—– continuing to summarize: Why Copper Is Needed

Copper helps the body make an enzyme that breaks down histamine.  Copper is an antihistamine.

Copper helps the body make another enzyme that boosts energy.

Copper helps the body make an enzyme that detoxes and reduces chemical sensitivities.
Copper helps the body’s detox pathways function.

Copper helps make the copper/zinc enzyme, SOD, which prevents aging, and arthritis.  In nearly all diseases, lower SOD is found, for example, Alzheimer’s and Cancer.


Copper boosts glutathione, a major detox enzyme.

Copper deficient rats develop liver disease and death when exposed to carbon tetrachloride.  Copper sufficient rats do not.

Copper boosts mood through increasing dopamine.

Copper helps make 4 neurotransmitters: dopamine and serotonin, norepinephrine and epinephrine (adrenaline).

I note: A copper-containing enzyme, Dopamine_beta-hydroxylase, converts dopamine to norepinephrine, the direct precursor to epinephrine (adrenaline).  To get the final product, epinephrine, we only need methylation, which is easy.  Exercise alone boosts adrenaline.

The Heart Protector

Copper protects against “arteriosclerosis, hypercholesterolemia, aneurysms (weakened or burst blood vessels), EKG abnormalities, hypercoagulable states… and sugar metabolism.”  Copper helps metabolize cholesterol into hormones. 

A copper enzyme (delta-9 desaturase) helps metabolize fatty acids and increases the strength of cell walls and cell nuclear membranes, and other membranes.

Zinc, molybdenum, and iron are all both complementary and antagonistic to copper.  Too much copper can block all three of the others.

Copper is anti-inflammatory and is good for Lupus.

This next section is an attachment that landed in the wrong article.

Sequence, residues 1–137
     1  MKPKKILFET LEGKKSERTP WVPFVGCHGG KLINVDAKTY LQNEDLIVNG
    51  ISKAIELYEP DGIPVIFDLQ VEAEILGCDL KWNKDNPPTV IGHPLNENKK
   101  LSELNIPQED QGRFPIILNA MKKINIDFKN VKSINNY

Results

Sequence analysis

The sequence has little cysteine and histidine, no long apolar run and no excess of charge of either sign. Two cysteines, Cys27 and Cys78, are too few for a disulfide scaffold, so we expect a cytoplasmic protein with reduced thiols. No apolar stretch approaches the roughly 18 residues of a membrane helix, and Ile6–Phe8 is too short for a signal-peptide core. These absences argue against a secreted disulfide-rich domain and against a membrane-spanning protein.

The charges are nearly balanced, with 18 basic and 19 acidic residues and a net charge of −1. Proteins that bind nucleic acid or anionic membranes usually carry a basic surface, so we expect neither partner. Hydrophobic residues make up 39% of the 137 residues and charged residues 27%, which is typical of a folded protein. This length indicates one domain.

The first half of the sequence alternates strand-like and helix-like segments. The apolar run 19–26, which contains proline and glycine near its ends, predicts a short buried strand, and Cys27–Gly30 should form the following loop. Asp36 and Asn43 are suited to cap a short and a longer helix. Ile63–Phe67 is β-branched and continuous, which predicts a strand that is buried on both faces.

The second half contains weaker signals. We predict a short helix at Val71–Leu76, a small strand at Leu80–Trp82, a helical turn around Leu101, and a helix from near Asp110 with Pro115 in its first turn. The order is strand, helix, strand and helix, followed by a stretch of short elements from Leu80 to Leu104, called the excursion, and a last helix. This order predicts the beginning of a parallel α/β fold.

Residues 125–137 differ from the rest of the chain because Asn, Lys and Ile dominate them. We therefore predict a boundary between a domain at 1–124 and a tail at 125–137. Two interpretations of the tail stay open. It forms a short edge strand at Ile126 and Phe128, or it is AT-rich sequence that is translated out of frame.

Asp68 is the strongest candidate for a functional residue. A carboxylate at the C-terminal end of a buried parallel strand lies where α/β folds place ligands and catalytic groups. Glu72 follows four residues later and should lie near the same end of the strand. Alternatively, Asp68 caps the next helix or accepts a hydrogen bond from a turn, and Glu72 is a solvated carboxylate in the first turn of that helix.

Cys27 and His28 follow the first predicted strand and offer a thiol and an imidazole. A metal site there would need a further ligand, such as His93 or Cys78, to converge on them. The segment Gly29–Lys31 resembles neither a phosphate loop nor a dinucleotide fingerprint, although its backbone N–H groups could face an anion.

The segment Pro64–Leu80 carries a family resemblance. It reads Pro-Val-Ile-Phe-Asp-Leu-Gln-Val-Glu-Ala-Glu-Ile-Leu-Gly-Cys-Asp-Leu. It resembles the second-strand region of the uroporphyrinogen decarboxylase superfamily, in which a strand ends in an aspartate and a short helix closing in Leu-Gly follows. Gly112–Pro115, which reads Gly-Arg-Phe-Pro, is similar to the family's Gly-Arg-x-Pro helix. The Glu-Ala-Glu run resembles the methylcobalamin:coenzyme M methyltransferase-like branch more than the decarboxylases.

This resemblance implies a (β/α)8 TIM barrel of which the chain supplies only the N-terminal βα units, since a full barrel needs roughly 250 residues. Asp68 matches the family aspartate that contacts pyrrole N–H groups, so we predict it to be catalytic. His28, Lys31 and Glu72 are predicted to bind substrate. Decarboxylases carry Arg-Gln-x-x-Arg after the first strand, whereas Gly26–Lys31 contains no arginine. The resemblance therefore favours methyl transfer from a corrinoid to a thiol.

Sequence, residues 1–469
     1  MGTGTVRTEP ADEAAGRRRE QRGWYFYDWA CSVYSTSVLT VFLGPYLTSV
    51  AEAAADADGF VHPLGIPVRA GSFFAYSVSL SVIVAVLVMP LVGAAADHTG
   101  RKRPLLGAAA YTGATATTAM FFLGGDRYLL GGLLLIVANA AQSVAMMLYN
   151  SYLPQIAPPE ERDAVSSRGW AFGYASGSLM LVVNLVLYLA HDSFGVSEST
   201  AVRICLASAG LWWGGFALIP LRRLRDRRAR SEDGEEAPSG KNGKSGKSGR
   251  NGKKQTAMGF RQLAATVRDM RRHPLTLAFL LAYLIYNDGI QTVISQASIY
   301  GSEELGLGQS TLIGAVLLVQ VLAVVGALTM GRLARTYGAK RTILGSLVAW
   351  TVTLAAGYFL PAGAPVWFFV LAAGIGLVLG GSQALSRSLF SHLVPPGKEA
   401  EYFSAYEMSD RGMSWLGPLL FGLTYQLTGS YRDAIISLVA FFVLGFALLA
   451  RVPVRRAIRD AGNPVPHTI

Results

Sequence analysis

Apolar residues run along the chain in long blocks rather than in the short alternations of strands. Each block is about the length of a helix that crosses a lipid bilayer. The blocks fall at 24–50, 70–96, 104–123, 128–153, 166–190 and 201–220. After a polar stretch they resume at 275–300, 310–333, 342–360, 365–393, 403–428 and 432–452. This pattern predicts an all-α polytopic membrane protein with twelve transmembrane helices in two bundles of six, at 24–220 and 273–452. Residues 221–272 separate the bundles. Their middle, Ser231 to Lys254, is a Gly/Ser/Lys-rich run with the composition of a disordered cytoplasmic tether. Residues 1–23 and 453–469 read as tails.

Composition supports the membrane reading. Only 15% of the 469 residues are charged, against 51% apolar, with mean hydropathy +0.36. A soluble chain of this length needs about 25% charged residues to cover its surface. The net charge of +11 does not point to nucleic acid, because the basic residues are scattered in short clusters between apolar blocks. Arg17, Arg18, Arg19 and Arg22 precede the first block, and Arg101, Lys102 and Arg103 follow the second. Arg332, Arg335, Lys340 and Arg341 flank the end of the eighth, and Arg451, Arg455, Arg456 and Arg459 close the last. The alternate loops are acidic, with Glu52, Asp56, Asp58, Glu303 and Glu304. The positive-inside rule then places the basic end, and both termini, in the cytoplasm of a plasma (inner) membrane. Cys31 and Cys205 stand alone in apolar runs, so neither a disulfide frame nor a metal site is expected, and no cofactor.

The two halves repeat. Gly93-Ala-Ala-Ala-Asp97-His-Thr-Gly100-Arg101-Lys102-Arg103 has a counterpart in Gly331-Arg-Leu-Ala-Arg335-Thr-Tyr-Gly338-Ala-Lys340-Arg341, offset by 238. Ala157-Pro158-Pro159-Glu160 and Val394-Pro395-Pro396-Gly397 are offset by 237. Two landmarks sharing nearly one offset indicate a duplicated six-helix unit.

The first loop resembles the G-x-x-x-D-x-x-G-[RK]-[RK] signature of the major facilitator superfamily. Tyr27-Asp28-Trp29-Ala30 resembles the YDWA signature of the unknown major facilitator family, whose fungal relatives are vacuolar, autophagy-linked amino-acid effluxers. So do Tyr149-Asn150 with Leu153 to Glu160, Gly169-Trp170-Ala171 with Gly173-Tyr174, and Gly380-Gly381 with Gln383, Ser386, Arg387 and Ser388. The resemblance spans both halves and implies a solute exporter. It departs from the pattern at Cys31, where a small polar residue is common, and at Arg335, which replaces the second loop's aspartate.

Lead blocks copper.  Swayback in animals is a copper deficiency.

Both Swayback and MS are nerve demyelination disorders fixed by copper. 

Copper salts prevented swayback from demyelination (destruction of the fatty coating around nerve cells) in animals.

Copper Deficiency Symptoms:

“anemia, neutropenia, hypopigmentation (graying) of the hair and skin, abnormal bone formation with skeletal fragility and osteoporosis, vascular abnormalities and crimped or steely hair.”

There are no good ways to test copper in the body.  Levels of copper in the blood, urine, hair will be depressed only in very copper-deficient people.  Low SOD (superoxide dismutase) might be a better way to detect copper deficiency. (This is disputed).
Neutropenia is copper deficiency.

In the 1920s copper was found to be important for red blood cell formation.  Then, also for the formation of aortic elastin in the heart.

Excess zinc, which can block copper, can lead to heart disease. (Klevay, 1975)

Note the name, Klevay, who has done a lot of research on copper deficiency leading to heart disease.  I quote a few of his articles later.

Copper deficient animals end up with too much cholesterol, too much uric acid in the blood, glucose intolerance, and heart problems, connective tissue problems, and fat deposits in the arteries.  Copper deficient animals may die from ruptured heart aortic walls.

In 1982, 75% of people got less than 2 mg of copper per day.  Later sources show 80% of people get less than 0.7 mg copper per day and are deficient.

Tissue distribution

Copper is found and needed by most tissues in the body.  It’s used for cell respiration and energy.  Copper is used to make connective tissues, collagen in bones (and the bone marrow), and blood vessels.  Copper is used in multiple ways by the nerves.  Most people only have about 80 mg of copper in their bodies.  Maybe up to 120 mg.  Infants may have about 6-10 times more copper in the liver than adults.  (Note, in Wilson’s Disease, it’s 5 times as much copper in the liver). Copper (and zinc) are found in SOD, superoxide dismutase, found in red blood cells.

(Low SOD activity has been linked to lung diseases such as Acute Respiratory Distress Syndrome (ARDS) or Chronic obstructive pulmonary disease (COPD))